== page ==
Sajed Bhandari

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Archive for February 2011

Revolution: Egypt

“Revolution: Egypt”
Sajed Bhandari

 The great thing about waking up every day is not being completely sure what one will take part in during the subsequent hours. I woke up yesterday thinking I would get some work done for my Accounting Theory class, but I ended up getting a phone call from a close friend of mine; an Egyptian guy who like every good Muslim boy, is going to medical school next semester iA. He called and asked if I wanted to go to the protest in front of the Egyptian consulate in Manhattan. I, wanting to be a revolutionary as badly as can be possible, decided to tag along and go yell and carry signs for a few hours. I am going to leave out the bit about his horrible driving and parking skills and just skip to the part that really mattered; the protest. We walked along 46th street trying to catch up with the protesters who marched towards the consulate from the UN building. In all honesty, I was not expecting a large protest. At the most, I thought it would be my two Egyptian friends, a family or two and I yelling at the consulate. I have never been happier about my expectations failing to comply with reality as I was last night. I was beautifully wrong, my expectations failed marvellously. As we walked along the busy street, I noticed an endless procession of signs and loud Arabs (redundant) turning a corner about two city-blocks ahead of us. I was excited. There are very few times in this life that I have become visibly excited. (Lost Season 4 premiere, getting an offer from a great accounting firm, and waiting on line for the Simpsons Movie being the only three times.) But watching this gathering of so many people, marching in solidarity with the demands of the Egyptians in Tahrir Square and elsewhere in that ancient country was short of nothing but beautiful. It is the only word that would describe a motley crowd of individuals marching for human dignity and liberty. It was beautiful. I intend on keeping this article short and devoid of as many political thoughts as I possibly can.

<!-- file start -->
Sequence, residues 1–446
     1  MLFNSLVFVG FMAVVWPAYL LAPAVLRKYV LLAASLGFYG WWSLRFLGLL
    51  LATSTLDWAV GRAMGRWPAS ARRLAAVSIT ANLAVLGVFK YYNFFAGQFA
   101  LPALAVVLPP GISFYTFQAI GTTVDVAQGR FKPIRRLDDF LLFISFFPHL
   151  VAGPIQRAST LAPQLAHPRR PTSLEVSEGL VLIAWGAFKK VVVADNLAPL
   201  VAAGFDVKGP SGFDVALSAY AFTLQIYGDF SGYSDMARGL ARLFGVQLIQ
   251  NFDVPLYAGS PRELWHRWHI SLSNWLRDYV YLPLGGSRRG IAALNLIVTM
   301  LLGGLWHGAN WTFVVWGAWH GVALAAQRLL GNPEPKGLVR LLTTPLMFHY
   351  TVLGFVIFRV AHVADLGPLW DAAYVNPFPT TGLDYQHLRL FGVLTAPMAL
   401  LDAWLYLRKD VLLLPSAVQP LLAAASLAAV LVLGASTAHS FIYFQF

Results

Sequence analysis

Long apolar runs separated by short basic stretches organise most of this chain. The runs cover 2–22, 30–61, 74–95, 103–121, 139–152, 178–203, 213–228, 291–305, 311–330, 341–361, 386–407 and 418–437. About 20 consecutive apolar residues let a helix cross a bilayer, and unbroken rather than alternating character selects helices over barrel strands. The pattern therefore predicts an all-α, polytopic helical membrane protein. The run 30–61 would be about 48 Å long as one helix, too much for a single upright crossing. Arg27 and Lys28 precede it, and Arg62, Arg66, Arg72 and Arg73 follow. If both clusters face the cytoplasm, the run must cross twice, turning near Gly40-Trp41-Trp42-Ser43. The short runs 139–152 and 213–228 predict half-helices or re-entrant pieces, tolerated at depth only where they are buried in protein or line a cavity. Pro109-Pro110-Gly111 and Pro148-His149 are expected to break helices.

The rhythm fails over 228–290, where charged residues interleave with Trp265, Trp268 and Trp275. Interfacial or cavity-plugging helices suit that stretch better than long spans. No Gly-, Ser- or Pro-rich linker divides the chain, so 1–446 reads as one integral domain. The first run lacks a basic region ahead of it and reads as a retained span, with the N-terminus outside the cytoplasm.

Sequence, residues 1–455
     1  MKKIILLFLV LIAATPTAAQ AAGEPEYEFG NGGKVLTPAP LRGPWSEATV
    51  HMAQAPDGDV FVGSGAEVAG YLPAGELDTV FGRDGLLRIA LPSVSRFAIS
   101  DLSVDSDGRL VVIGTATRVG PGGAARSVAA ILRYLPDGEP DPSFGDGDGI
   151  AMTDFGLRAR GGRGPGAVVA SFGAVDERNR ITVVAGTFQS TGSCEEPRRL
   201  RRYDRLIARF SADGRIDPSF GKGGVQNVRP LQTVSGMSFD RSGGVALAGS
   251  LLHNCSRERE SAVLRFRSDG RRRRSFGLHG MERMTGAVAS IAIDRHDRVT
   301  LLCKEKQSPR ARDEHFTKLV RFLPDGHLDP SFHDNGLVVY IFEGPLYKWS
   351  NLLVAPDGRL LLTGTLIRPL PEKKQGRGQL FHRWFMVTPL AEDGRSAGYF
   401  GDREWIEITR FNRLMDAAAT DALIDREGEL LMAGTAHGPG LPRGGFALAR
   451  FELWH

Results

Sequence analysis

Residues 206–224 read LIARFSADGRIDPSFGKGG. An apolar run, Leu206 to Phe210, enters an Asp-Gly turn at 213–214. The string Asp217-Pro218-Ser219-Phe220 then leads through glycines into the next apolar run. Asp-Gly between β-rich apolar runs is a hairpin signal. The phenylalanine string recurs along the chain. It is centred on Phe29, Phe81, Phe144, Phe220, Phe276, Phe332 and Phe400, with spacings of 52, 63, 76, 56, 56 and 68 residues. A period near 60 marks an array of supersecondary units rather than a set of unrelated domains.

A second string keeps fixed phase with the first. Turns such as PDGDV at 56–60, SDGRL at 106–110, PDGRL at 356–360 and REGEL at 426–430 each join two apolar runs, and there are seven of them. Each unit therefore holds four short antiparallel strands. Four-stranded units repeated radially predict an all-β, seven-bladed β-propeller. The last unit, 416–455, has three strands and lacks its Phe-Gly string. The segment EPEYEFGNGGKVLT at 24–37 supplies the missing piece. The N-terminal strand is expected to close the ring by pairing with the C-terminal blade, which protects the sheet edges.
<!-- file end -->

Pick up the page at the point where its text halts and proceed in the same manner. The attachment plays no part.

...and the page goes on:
We walked, hundreds of Muslim, Christian, religious, secular, Arab, non-Arab, veiled and unveiled individuals along the wintry streets of New York with solidarity with the Egyptian and Tunisian revolutionaries (at least I was, a Tunisian started this whole thing). We marched, socialist and capitalist to remind others of what the Egyptians are fighting for. They are fighting for far more than their daily bread. They are fighting for the right to life, to disagree, to live as life is meant to be lived—with liberty and dignity. They fight for fundamental human rights and democracy is the institution from which all human rights can find any true practice in this world. It is easy for those who do not take part in any form of activism to criticize those who do as hopelessly idealistic and providing no material change in the world. But it took one individual ready to submit to immolation so his countrymen could be free and subsequently spark a revolution that will bring about reform throughout the Muslim world. This revolution emerged from the ashes of Mohamed Bouazizi and the world is a better place for his sacrifice.

 I offer no political commentary or insight because at the end of the day this is not a political issue for me, rather it is an issue of basic human existence. Why am I, a Bengali American, so enthralled by the revolution in Egypt? It is because the revolution is liberty manifest on the ancient streets of Egypt. Liberty is surrounded by risk. The comfort a tyrant offers with his security is beautiful to so many. But at what price? Do we offer atop the tyrant’s altar the dignity of the individual in hopes of the tyrant’s providential hands offering stability? What life is it that requires as the price of security the basic human rights of an individual? The freedom to speak, to worship as one sees fit and to live without coercion are basic human rights. It is time we rid ourselves of the slave mentality and attain the dignity that every human being deserves. The slave mentality is that which states “the stability offered by the tyrant is superior to the risks associated with fighting for liberty”. At its core is the belief that the devil we know is better than the devil we don’t know. The Egyptians and Tunisians fighting on the streets disagree. They rise up against the slave mentality. The devils have ruled far too long over the lives of man and it is time we too rise up against all those who seek to deny life to the living.

Written by sajedbhandari

February 5, 2011 at 7:18 pm

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